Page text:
PARKERSBURG - Parkersburg police Chief Joe Martin has been accepted to the FBI's National Academy for training. He will leave next month for a 10-week course in Quantico, Va.
Chris Courtright, senior supervisory resident agent for the southern district of West Virginia, said, "It's a great deal for Joe. It's a high honor to go to the national academy. He'll meet and make friends nationwide that will help the city in his career in Parkersburg."
Courtright said former Vienna police Chief Steve Stephens, Wood County Sheriff's Deputy Rick Woodyard, Parkersburg police officer Joe Gonzales, Capt. Keith Roberts and Vienna police Chief George Young are among those locally who have attended the academy.
"This is the highest course to get through the FBI," Courtright said. "It's directed toward senior management."
Martin said the opportunity is bittersweet.
"I am really excited about the opportunity, but reluctant to go because of my kids and family at home, but in the long run, I would regret it if I didn't go. It's that rare of an opportunity."
Mayor Bob Newell said the department has sent 20-25 people over the years to the FBI academy. It has been several years since a member of the department attended. The last was Roberts, who attended when Newell was police chief.
"There are only so many slots per state," Newell said. "Yes, it is difficult to get into because of the low amount of slots."
Newell said training in Quantico is more academic related than the basic training all officers are required to undergo through the West Virginia State Police Academy.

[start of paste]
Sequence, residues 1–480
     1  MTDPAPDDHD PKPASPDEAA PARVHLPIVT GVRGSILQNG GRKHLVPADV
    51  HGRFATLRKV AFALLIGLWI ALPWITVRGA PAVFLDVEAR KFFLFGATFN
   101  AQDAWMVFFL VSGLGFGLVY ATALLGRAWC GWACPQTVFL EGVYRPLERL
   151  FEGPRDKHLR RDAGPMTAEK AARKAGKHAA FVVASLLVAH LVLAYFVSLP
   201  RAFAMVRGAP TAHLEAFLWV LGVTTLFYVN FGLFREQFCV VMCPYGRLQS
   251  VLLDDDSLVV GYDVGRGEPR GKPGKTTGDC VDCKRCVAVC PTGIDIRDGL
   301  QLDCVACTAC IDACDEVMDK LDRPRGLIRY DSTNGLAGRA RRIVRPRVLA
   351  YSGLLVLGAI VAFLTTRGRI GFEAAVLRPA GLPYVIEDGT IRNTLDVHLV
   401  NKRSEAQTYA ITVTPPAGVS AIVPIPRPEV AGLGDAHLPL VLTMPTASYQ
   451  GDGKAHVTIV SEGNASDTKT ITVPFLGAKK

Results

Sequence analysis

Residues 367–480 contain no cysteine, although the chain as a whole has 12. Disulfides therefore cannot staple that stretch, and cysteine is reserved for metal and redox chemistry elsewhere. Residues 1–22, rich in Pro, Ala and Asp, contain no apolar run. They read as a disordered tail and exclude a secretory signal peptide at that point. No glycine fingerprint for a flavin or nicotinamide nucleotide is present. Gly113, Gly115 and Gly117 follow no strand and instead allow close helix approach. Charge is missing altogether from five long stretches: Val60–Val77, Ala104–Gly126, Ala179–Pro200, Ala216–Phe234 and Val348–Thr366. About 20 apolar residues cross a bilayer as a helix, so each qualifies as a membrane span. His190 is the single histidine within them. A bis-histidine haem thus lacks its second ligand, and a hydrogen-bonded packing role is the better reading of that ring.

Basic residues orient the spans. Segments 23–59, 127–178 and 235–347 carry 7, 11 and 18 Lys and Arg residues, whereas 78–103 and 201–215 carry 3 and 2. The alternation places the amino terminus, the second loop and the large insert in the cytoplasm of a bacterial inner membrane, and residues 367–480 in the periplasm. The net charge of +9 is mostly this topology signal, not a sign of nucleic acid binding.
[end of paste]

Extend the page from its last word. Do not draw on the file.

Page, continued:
According to its website, the FBI National Academy is a professional course of study open to domestic and international law enforcement. The academy has been in operation since 1935.
The 10-week course convenes four times a year. Classes of some 250 officers take undergraduate and/or graduate college courses focusing on law, behavioral science, forensic science, understanding terrorism/terrorist mindsets, leadership development, communication and health/fitness.
City council member Sharyn Tallman, the Republican candidate for mayor, questioned the timing of Martin's training.
"Just curious as to why he was going to disappear before the election," she said, noting Martin (as chief) has been named in a number of lawsuits filed against the city. Tallman was asked if she thought the move was political.
"I couldn't say," she said.
Martin said he expressed interest in attending the academy in 2006, when he first became eligible. He got a call around this spring from Courtright. The pair have worked several criminal cases in the past.
"He knew I had expressed some interest in before, and he asked me if I was still interested in going," Martin said.
Martin spoke with Newell to make sure it was OK.
Tallman also questioned who would run the department in Martin's absence.
"You never know who is going to be the fill-in for chief or for how long," she said.
With Martin at Quantico, Newell said Roberts and Lt. John Young will split duties in the chief's absence.
"They know what I expect, and I don't have to micromanage them at all," Martin said.
Tallman also wondered if Martin would return to the department, noting his predecessor, Gerald Board, retired shortly after several weeks of training in Florida.
"Board went away for 10 weeks, came back and was gone," she said. "You never know. Has he had enough?"
Martin was appointed chief in 2009, following Board's retirement.
Before becoming chief, Martin was a police sergeant with the city's narcotics and violent crimes taskforce. He has also served in the detective bureau, been assigned to the SWAT team and serves as a member of the honor guard. He was the department's officer of the year in 2000 and 2001. He's been with the department since 1997.
Martin is a 1990 graduate of Parkersburg High. Aside from his service in the Marine Corps, Martin is a life-long Wood County resident.
"I am looking forward to it but looking forward to getting back home as well."